Coronavirus (Covid-19) is one of the largest global threats that we as humans have faced in centuries. But how does it infect the body and cause the symptoms that it does?
Covid-19 is part of a large family called ‘Coronaviridae’, characterised by ‘crown-like’ projections on its surface. Coronaviridae also includes diseases such as SARS (responsible for the 2002-2004 outbreak) and MERS.
The ‘crown-like’ projections play important part in the virus’ replication and survival. Viruses like Covid-19 are unique in the fact that they are ‘non-living’, so they quite cleverly manipulate a host cell’s replication and protein production ‘machinery’ to produce copies of themselves, which can then go on to infect even more cells.
How does Covid-19 actually enter a host? Well this is where the ‘crown-like’ projections come into play. These projections are called glycoproteins and have a specific amino acid sequence that enables them to bind specifically to structures on the surface of a host cell called receptors. Upon binding, the virus injects its genetic material (RNA) into the host cell. Imagine this like a lock and key: when the key fits (binds) in the lock, the door can be opened.
Some viruses e.g. coronaviruses have special modifications on their RNA, which means that there is no need for it to be converted to DNA to enable replication. The virus then manipulates the host cell’s replicative machinery to enable the production of viral proteins, which then assemble into a newly replicated ‘virion’. This ‘virion’ can then break off from the host cell membrane, enabling it to replicate even more. Symptoms associated with most viruses like Covid-19 stem from the fact that the host cells often die when the virion breaks off from the host cell membrane. Upon dying, stress signals are created by the host, often triggering an immune response. This is what causes symptoms in most cases.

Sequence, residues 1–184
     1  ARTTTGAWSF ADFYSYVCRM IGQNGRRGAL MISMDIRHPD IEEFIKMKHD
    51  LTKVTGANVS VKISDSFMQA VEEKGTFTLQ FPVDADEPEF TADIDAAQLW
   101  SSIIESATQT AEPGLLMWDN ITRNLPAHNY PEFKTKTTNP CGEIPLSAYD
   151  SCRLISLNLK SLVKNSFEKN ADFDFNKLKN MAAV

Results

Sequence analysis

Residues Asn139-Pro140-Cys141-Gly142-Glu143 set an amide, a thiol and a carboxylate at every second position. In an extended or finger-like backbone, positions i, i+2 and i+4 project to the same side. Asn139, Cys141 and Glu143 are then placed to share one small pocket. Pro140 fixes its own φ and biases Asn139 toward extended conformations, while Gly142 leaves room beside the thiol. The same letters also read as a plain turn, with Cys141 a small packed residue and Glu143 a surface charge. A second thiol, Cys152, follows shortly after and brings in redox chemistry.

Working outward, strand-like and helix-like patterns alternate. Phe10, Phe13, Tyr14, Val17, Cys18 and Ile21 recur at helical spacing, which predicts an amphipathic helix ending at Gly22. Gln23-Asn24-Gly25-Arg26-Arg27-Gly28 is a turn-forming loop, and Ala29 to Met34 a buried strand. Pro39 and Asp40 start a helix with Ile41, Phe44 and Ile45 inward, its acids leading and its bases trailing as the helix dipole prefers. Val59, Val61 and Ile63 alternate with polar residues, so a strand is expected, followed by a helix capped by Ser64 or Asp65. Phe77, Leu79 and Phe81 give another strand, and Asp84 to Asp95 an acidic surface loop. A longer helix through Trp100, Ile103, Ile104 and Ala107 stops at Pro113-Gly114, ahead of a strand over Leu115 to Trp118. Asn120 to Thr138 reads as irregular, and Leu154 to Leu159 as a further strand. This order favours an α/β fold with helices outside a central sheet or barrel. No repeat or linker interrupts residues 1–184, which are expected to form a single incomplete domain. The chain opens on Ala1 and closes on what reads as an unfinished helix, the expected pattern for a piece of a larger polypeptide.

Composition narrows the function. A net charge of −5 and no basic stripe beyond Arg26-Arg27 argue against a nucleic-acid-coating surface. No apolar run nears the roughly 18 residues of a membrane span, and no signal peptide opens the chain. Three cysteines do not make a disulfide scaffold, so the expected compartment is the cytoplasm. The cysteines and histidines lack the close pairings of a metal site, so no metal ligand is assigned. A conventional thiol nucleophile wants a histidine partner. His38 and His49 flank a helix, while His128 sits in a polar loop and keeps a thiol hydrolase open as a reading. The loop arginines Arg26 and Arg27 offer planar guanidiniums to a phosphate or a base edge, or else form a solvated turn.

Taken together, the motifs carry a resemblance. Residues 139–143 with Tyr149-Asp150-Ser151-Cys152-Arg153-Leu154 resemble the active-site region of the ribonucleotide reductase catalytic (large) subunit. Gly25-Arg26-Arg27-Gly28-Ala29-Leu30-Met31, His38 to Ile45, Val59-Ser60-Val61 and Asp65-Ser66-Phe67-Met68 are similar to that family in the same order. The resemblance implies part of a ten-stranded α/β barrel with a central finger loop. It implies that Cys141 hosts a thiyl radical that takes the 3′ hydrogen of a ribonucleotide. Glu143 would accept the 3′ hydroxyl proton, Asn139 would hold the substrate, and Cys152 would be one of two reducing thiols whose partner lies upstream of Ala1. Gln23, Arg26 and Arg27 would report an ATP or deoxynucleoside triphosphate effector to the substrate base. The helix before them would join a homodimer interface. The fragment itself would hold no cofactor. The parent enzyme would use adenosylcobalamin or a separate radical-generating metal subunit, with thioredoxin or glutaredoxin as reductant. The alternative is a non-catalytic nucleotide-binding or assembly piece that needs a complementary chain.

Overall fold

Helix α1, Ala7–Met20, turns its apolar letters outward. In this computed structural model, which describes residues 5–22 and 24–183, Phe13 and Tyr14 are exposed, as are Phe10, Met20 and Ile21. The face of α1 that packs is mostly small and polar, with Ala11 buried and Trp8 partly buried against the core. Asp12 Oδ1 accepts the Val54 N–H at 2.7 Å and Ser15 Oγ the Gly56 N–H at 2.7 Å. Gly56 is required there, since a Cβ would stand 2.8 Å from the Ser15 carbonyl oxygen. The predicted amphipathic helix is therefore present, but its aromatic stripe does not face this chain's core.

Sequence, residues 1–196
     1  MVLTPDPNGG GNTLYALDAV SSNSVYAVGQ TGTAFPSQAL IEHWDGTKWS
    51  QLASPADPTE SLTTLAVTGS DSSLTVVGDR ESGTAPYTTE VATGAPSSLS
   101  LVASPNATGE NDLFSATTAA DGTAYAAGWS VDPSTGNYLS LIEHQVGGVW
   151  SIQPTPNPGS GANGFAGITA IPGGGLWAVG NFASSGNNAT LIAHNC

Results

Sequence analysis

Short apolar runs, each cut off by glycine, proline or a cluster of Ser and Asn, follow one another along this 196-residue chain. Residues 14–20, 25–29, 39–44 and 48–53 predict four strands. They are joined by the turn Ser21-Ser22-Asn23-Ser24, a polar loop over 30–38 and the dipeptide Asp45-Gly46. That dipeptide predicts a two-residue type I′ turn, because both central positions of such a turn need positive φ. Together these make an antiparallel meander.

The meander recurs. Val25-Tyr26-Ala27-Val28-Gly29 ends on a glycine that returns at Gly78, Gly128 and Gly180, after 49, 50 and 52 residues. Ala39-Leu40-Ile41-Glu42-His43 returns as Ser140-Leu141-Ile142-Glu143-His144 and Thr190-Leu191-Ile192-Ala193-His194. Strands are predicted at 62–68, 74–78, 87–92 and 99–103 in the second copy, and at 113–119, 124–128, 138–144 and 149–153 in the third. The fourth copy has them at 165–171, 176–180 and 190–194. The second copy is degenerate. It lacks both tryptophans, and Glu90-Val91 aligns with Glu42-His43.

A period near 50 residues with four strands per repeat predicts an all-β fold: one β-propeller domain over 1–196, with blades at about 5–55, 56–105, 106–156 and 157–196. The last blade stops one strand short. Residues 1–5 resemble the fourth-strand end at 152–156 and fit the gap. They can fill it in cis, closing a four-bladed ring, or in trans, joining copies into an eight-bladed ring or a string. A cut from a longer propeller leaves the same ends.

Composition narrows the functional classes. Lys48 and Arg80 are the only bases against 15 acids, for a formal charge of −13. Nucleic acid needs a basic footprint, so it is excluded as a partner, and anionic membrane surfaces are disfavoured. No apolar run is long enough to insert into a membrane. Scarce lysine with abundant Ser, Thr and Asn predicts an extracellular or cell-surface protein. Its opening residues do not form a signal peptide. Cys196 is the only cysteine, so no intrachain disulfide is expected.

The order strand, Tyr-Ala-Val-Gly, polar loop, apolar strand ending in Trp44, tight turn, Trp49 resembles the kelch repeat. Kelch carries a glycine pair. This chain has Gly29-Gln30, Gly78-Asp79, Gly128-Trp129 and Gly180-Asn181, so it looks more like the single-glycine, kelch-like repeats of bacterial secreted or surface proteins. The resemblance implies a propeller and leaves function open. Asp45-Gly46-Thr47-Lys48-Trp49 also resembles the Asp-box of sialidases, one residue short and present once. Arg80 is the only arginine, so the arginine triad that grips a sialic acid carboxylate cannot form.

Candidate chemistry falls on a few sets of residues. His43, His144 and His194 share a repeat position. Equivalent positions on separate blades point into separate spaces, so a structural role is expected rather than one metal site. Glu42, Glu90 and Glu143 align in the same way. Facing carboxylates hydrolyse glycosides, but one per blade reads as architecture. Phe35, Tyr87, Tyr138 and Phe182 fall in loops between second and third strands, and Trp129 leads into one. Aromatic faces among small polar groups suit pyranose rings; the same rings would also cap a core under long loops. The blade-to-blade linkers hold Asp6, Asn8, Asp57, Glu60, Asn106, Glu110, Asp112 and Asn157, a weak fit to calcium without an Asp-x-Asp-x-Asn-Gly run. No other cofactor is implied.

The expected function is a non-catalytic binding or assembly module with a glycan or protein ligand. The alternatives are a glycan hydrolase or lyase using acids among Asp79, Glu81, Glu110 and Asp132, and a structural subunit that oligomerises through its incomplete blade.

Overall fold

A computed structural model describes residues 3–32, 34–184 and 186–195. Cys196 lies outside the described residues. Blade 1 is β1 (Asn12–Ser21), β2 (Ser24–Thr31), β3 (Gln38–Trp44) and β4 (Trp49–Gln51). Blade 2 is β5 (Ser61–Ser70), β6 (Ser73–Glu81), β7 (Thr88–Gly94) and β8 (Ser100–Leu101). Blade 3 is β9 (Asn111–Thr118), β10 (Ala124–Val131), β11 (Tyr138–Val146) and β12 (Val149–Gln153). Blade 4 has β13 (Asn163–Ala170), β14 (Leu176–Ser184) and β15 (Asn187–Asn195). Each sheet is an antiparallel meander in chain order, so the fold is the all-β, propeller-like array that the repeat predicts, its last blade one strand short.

The symptom of a persistent cough associated with Covid-19 is often due to a mucus build-up, designed to make it harder for the virus to attach to host cells, thus reducing viral replication. A high fever is designed to kill the virus, which denatures under high temperatures. Feelings of tiredness and weakness associated with many illnesses are due to the body prioritising fighting the virus instead of carrying out less important functions. Also, the build-up of white blood cells to fight off the virus may cause the feeling of ‘achy bones’.
As we have seen by the extremely high death rates due to Covid-19, in severe cases, the immune system can go into overdrive. In these cases, white blood cells active chemicals which can cause leakage of fluid into lungs, leading to pneumonia, which may lead to death. The combination of this and cellular destruction decreases the transportation of oxygen into the bloodstream from the lungs, leading to multiple organ failure without professional treatment.
However, patients often do not die of Covid-19 directly, but as a result of opportunistic bacterial infections, which take advantage of the weakened immune system, and can therefore cause serious and sometimes fatal harm.